Alternatively to their fusion with lysosomes for degradation of their contents, MVBs have been described to fuse to the plasma membrane and release their content in the extracellular space (Harding et al., 1983; Pan et al., 1985), the ILVs contained in the MVBs when released are referred to as exosomes (Johnstone et al., 1987). Exosomes have a size ranging from 40 to 100 nm and can be secreted by many cell types including neuronal cells (Faure et al., 2006; Rajendran et al., 2006; Vingtdeux et al., 2007b; Lachenal et al., 2011). Exosomes are isolated from the media of cultured cells. However, purification of exosomes is not trivial since membrane fragments or cell debris can easily contaminate exosome preparations. Due to their small size, exosomes are obtained after filtration on 0.22 μm filters and by a series of centrifugation and sucrose gradient (Raposo et al., 1996; Wubbolts et al., 2003; Faure et al., 2006; Thery et al., 2006 for review see Olver and Vidal, 2007). Further immunoisolation can be used (Wubbolts et al., 2003). Several parameters should be evaluated to ascertain the purity of exosomes preparation. The first and likely most important characteristic is the observation of exosomes by transmission electron microscopy. Thus, exosomes have a typical cup-shape form. Several proteins are also common to exosomes and described in exosomes preparation that originate from different sources (for review Vella et al., 2008). Interestingly, several tetraspanins proteins are enriched in exosomes and may contribute to exosomes formation (Wubbolts et al., 2003; De Gassart et al., 2004). Tetraspanins are a growing family of transmembrane proteins with pleiotropic functions found associated with lipid-raft micro domains (for review Hemler, 2005). Interestingly, tetraspanins CD81 and CD9, which are found in exosomes derived from B-cells (Wubbolts et al., 2003), are co-purified with the γ-secretase interactome. Absence of those tetraspanins induces a partial disruption of γ-secretase activity or reduces γ-secretase substrate interaction (Wakabayashi et al., 2009). Although detailed molecular mechanisms remain unknown, together those results further support the idea that MVB and most possibly exosomes are important cellular compartments for APP metabolism regulation and that several γ-secretase regulators may act at this level.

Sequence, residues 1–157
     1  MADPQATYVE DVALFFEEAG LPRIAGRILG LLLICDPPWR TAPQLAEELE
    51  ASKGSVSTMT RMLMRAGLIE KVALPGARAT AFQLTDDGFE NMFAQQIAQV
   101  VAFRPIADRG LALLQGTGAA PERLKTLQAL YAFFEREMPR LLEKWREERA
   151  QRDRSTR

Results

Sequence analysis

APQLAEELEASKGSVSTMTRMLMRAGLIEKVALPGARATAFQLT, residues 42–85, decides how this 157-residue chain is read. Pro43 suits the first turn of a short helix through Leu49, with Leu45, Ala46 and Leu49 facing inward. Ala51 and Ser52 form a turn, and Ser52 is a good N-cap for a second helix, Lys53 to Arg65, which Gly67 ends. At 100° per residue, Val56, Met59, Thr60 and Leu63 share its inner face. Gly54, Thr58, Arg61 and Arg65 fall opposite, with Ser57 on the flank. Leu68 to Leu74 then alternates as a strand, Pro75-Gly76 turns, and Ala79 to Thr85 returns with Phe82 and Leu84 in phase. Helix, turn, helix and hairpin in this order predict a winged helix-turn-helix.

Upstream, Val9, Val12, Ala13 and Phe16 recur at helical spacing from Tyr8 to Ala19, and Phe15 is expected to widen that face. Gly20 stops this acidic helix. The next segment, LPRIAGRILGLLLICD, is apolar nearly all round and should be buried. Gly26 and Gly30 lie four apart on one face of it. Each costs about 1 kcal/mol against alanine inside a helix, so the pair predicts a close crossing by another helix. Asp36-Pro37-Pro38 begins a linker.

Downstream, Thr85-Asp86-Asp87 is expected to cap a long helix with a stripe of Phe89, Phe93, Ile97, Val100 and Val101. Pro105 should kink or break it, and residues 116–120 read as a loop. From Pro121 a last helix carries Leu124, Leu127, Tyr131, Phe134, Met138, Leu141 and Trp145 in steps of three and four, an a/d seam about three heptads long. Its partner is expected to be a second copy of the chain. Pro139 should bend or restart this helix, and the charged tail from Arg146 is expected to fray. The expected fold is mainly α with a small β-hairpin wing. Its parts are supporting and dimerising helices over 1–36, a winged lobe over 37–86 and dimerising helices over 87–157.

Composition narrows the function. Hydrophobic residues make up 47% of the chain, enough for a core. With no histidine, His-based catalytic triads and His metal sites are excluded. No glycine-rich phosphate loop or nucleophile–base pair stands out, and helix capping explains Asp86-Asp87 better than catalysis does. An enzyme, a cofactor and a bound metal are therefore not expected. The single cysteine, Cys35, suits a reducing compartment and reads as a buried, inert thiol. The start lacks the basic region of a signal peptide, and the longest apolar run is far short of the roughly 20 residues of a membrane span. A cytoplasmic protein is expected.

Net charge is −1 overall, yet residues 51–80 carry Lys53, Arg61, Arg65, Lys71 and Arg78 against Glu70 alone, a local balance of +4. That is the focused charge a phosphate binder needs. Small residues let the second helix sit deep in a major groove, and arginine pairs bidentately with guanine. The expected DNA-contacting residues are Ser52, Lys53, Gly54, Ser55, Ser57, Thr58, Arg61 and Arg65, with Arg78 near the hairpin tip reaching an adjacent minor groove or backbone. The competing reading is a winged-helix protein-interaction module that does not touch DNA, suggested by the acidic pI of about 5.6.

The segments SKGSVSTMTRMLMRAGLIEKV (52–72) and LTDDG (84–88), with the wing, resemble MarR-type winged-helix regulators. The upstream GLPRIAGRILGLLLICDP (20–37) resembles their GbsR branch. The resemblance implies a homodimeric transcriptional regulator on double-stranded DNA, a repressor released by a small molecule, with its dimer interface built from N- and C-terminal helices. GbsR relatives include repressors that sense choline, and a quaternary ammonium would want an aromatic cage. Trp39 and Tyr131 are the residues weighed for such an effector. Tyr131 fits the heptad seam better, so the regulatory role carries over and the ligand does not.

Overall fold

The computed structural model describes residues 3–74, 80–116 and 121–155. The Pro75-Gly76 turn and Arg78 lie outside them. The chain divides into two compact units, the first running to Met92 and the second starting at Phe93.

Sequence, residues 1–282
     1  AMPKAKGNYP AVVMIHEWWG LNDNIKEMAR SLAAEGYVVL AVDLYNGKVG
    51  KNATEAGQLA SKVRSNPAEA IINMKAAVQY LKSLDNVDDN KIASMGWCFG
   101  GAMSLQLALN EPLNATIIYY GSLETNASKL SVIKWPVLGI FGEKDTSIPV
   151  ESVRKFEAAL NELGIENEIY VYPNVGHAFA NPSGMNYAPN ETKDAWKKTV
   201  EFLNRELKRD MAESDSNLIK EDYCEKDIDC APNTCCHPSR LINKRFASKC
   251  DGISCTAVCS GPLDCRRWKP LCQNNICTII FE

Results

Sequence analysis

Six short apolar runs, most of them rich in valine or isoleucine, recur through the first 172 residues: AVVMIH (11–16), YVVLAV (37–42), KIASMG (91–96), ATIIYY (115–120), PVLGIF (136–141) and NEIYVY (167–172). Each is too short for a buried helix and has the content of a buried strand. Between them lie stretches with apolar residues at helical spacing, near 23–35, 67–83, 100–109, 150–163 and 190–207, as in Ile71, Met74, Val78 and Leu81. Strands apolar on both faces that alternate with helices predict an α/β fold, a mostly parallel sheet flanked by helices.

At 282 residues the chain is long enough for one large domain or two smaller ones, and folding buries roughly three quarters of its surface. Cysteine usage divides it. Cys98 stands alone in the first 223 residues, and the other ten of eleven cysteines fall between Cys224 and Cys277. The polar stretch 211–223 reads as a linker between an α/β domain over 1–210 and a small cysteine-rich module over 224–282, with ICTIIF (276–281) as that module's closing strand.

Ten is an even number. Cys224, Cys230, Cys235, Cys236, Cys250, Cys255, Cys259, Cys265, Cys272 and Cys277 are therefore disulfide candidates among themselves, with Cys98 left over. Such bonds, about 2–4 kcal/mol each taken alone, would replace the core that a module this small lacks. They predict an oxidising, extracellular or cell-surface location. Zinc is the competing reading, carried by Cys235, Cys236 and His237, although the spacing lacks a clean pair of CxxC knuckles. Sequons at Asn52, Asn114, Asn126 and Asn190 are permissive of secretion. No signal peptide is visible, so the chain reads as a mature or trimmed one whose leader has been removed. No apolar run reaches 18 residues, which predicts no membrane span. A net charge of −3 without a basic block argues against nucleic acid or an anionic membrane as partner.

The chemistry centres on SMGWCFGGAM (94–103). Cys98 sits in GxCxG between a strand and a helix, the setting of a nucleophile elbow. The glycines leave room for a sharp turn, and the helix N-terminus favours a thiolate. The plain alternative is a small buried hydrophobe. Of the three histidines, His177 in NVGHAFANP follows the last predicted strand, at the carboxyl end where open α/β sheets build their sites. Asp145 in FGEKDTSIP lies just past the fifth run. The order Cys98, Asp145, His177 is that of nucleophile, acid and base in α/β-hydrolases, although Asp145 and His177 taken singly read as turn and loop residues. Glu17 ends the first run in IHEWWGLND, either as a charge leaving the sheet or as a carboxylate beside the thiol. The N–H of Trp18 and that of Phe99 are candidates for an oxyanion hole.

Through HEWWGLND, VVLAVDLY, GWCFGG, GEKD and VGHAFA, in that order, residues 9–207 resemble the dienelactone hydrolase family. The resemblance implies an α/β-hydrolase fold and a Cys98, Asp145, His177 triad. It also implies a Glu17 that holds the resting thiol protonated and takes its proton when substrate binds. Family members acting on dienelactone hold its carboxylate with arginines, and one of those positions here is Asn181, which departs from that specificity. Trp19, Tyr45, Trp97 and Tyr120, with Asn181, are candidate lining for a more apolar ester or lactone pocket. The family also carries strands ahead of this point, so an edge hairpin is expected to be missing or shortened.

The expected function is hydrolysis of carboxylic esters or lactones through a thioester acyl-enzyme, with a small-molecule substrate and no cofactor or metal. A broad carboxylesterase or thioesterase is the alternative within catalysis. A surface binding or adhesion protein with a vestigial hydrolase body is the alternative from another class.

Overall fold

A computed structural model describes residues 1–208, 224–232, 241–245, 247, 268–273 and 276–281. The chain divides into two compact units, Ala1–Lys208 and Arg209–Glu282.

MVBs fate can be affected by macroautophagy (hereafter referred to as autophagy). During autophagy, parts of the cytoplasm and organelles are encapsulated in double-membrane vacuoles called autophagosomes, which eventually fuse with lysosomes for degradation (for review see Levine et al., 2011). Under conditions that stimulate autophagy, MVBs are diverted to autophagic pathway with subsequent inhibition in exosomes secretion (Fader et al., 2008). Conversely, knockdown expression of ESCRT-I, -II, and -III proteins in cell models promotes the accumulation of autophagosomes or autolysosomes, suggesting that MVB and autophagy are intermingled and that loss of MVB function may promote autophagy as well as ineffective fusion of autophagosomes and lysosomes (for review see Rusten et al., 2011). Thus, loss of function of CHMP2B may impair both MVB and autophagosome maturation. With regards to Tau, the autophagy-lysosomal pathway contributes to the degradation of Tau (Wang et al., 2011). However, Tau protein inclusions are seldom detected in FTD-3 (Yancopoulou et al., 2003) and ubiquitin-positive inclusions are observed but TDP-43 negative (Holm et al., 2007).